This is my first column since my rotator cuff surgery and it hasn't been easy getting the words to come out the way I intended them to. My left hand is slower than a Georgia Income Tax return and my right hand is totally unsympathetic and flies across the keyboard like a bunny rabbit.
What results are some newly-minted words that would feel at home in your basic Kazakhstani dictionary. My computer's spell-check has quit, saying life is too short to be looking up words like "jgoflnib" and "dopwrogz."
The surgery was more intensive than first thought. My surgeon, the able Dr. Tom Myers, took three hours repairing what he called a "massive tear" and placed pins and whatnot around the area to keep it from falling apart again, thus ensuring I may one day be able to scratch my head without fainting from the pain.
To help me while away my recovery time, my friend and neighbor, Tom Hoover, dropped off a copy of Zell Miller's latest literary effort, "Purt Nigh Gone," a compendium of the Southern Appalachians and of a way of life that Zell says, "once was but is no more, a way of life that is purt nigh gone."
He laments the fact that as boy, he could play hopscotch in the road in his hometown of Young Harris and see nary a car. (Try as I may, I have a hard time visualizing Zell Miller playing hopscotch.)
Today, some 11,000 vehicles pass by his home daily. What he doesn't mention is that many of them are traveling on the modern Zell Miller Parkway. If you don't want them to come, don't build them a parkway.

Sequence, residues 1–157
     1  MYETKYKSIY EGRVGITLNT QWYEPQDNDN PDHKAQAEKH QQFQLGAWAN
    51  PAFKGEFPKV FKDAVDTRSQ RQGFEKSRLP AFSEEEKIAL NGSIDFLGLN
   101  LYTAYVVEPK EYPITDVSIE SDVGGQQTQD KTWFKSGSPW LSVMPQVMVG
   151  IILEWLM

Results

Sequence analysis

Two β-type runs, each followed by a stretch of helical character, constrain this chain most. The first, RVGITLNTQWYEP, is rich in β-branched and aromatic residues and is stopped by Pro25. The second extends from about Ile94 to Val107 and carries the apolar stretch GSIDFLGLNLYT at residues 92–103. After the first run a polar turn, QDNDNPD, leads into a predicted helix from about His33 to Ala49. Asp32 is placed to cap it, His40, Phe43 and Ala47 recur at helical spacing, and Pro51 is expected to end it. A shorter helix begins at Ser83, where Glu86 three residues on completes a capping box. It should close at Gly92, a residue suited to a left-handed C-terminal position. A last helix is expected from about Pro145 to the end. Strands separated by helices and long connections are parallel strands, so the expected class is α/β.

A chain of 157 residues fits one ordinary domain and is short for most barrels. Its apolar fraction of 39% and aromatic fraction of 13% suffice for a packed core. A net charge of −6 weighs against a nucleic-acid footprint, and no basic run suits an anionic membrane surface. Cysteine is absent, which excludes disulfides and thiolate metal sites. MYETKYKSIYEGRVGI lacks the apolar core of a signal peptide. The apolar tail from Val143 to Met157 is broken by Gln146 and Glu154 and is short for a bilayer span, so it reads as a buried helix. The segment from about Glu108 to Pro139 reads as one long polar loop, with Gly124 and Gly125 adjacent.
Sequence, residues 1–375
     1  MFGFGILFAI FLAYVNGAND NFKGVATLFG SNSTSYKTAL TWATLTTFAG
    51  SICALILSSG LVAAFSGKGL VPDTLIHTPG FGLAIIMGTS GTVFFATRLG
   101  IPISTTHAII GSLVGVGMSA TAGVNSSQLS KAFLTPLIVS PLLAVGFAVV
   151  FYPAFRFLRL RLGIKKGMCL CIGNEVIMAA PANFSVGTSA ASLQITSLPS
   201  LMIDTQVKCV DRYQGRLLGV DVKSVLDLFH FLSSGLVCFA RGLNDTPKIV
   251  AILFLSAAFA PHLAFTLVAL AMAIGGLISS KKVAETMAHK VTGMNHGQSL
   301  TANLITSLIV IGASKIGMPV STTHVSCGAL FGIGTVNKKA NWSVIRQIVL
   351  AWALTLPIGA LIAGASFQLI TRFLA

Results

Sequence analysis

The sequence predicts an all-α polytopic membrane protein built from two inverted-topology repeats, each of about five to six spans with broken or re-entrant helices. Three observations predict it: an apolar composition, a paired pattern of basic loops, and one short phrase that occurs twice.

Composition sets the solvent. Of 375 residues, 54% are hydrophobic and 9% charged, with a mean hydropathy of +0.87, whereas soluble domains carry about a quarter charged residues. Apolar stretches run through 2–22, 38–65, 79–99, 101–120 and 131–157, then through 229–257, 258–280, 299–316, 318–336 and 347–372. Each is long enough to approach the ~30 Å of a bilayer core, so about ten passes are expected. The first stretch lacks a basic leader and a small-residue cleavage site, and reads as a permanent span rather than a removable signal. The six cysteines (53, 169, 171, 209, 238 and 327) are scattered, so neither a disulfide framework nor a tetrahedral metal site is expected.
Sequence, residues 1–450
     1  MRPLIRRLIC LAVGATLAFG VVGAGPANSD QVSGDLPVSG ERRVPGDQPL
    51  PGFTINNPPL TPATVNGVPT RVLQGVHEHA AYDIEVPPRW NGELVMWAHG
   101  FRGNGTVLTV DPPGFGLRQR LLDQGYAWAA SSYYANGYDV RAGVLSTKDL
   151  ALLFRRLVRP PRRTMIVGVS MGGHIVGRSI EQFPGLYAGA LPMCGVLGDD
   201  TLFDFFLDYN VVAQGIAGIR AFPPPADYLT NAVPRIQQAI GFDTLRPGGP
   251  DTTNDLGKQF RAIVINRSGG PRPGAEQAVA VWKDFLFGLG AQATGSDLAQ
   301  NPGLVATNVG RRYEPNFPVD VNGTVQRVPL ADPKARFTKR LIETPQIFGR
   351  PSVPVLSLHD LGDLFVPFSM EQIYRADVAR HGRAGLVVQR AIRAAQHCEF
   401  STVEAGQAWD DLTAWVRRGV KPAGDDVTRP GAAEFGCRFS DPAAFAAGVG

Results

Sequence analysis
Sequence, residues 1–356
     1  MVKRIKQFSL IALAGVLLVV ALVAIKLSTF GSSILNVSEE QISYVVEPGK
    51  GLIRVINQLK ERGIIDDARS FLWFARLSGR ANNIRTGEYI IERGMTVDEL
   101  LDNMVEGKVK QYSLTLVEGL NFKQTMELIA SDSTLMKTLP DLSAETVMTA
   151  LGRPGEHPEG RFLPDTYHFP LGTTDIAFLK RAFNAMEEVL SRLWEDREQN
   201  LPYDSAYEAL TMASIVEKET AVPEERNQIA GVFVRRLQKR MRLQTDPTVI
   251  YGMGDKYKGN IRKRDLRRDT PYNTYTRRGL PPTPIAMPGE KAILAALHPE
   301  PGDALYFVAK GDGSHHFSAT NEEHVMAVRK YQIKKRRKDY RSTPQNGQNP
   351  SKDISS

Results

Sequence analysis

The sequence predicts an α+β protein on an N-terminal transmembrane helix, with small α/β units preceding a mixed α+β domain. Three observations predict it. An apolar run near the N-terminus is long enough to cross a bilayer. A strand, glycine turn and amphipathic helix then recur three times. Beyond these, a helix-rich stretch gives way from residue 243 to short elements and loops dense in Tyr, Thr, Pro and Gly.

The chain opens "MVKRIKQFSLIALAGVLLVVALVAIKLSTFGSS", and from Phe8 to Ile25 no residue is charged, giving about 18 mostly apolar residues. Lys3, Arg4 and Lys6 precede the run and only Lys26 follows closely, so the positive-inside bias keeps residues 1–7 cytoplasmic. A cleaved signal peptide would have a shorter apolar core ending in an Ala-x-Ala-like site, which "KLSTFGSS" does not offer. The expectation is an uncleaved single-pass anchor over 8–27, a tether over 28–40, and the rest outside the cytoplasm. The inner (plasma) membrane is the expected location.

Zell lists 101 reasons why he lives in Appalachia, including the fact that nobody wears their hat backward, you can understand the words to their songs, drivers always pull over for a funeral procession and there is a gun in every home and a dog in the front seat of every pickup truck. I think he would agree that those attributes can be found in a lot of the rest of Georgia, too.
I hadn't gotten halfway into the chapter on hog killing when I was informed that Zell had just been to Atlanta and had promptly blown a gasket — worse than 2004 when he threatened to whup a smart-aleck reporter on national television. Speaking at the American Legislative Exchange Council, he fumed that the White House staff needed to put "Gorilla Glue" on President Barack Obama's chair to keep him in the Oval Office.
"Our globe-trotting president needs to stop and take a break and quit gallivanting around," he said. Miller called Obama's decision to close the military prison at Guantanamo Bay "nuts" and compared the federal stimulus package to a Paris Hilton spending spree.
There is no question our former U.S. senator wanted the president and his minions to get the message loud and clear that he isn't happy with what is going on in the country. Not many of us are. But after looking through Zell's book, I am convinced it could have been a lot worse. He could have thrown some serious Appalachian English at them.
He could have said, for example, that the president is "just talking to hear his head roar" or that the stimulus package has as much chance for success "as a pig in a dog race."
In response to the liberal weenies who think closing the Guantanamo prison will make the rest of the world love us, Zell would tell them "a wishbone ain't no substitute for a backbone."
So Obama and crew got off light. I know. I have experienced his wrath, up close and personal. After having your hide peeled by Zell Miller, rotator cuff surgery is a walk in the park.
Zell is a lot of things to a lot of people, but "misunderstood" is not one of them. As he himself would say, "You don't get lard unless you boil the hog."
Agree with him or not, you must admit that folks in Young Harris are correct when they say Zell Miller is a hard dog to keep under the porch.
Dick Yarbrough is a North Georgia resident whose column appears Saturdays and on gainesvilletimes.com.